Pheona is a star in the making

Samer taha
(Photos: Samer Taha)
AMMAN — Years ago, there was a young third-grade girl running at top speed in a 50m sprint designated for children. She reached the finish line first; her next closest competitor was almost 20m away.اضافة اعلان

With her strong physical abilities, coordination, and speed, spectators predicted this girl had a bright athletic future — she was an athlete in the making.

Now, Pheona Dadson is officially one of the U18 basketball stars, despite her young age. She is a rising star and with time will become Jordan’s and the Arab world’s best player.

Pheona managed to get a scholarship to the US when she was in 10th grade. Her development was being monitored. 

Many waited with bated breath for her to take part in the FIBA Women’s Asia Cup as part of the U16 national team.

Unfortunately, due to a technical error during her registration and an error on her application, her submission failed and she couldn’t participate, leaving many frustrated. The error was later corrected by the Jordan Basketball Federation, and now she is a U18 star.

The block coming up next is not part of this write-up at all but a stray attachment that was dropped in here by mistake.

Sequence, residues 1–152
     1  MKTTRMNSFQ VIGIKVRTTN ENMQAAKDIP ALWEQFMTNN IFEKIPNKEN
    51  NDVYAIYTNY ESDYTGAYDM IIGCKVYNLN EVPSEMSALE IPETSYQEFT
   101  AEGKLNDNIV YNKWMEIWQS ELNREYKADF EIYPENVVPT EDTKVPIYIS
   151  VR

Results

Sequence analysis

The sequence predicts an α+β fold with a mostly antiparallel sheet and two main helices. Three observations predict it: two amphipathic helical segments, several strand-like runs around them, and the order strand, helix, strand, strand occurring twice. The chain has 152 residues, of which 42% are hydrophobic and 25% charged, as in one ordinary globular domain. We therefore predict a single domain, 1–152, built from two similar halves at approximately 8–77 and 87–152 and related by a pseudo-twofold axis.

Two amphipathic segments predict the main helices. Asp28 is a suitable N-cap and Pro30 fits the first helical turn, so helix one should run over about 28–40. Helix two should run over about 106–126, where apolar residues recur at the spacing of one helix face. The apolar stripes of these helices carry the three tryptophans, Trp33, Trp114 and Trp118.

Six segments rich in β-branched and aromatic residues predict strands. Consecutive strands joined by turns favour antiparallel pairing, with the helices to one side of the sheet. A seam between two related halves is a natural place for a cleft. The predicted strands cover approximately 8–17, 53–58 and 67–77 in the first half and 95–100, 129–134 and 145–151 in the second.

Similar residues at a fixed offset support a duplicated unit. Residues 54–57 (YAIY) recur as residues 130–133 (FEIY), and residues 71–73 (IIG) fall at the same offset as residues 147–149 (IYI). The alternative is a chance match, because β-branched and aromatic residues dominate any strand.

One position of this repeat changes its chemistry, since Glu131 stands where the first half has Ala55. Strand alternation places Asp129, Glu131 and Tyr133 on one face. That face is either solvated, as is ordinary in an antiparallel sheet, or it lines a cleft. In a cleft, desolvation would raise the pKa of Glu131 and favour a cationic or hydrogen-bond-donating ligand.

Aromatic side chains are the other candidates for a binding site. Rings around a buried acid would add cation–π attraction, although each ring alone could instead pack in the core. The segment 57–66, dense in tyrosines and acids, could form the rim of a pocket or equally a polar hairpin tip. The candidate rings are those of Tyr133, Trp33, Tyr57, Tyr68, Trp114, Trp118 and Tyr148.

I had the privilege of discovering her when she was training in different sports offered by my school, from football and basketball to track and field.

Every coach wanted her on their team and to represent their school. Our school’s philosophy for developing athletes and believing in them — giving her the chance to explore different sports — convinced her parents that our school was the right choice for their daughter.

Since her arrival, Pheona started racking up achievements left and right from 6th to 9th grade.

Pheona was a significant contributor to our school’s basketball, football, and track and field trophy cabinet, and became a star among schools in no time.

Her success did not occur in a vacuum: Her parents’ incredible support, always smiling and content, never interfered with the coaches’ job, and we always appreciated and respected their support.

Three years ago, I suggested to Pheona’s father her induction into the Jordanian national team through naturalization. She had spent her entire childhood in Jordan, being trained by Jordanian coaches, one of whom I had the privilege of being.

The father welcomed the idea and I forwarded the proposition to the Jordan Basketball Federation, to whom I am grateful — Dina Halaseh in particular, as she is in charge of women’s basketball. I kept pushing my request many times until she was finally naturalized after performing amazingly in the national league.

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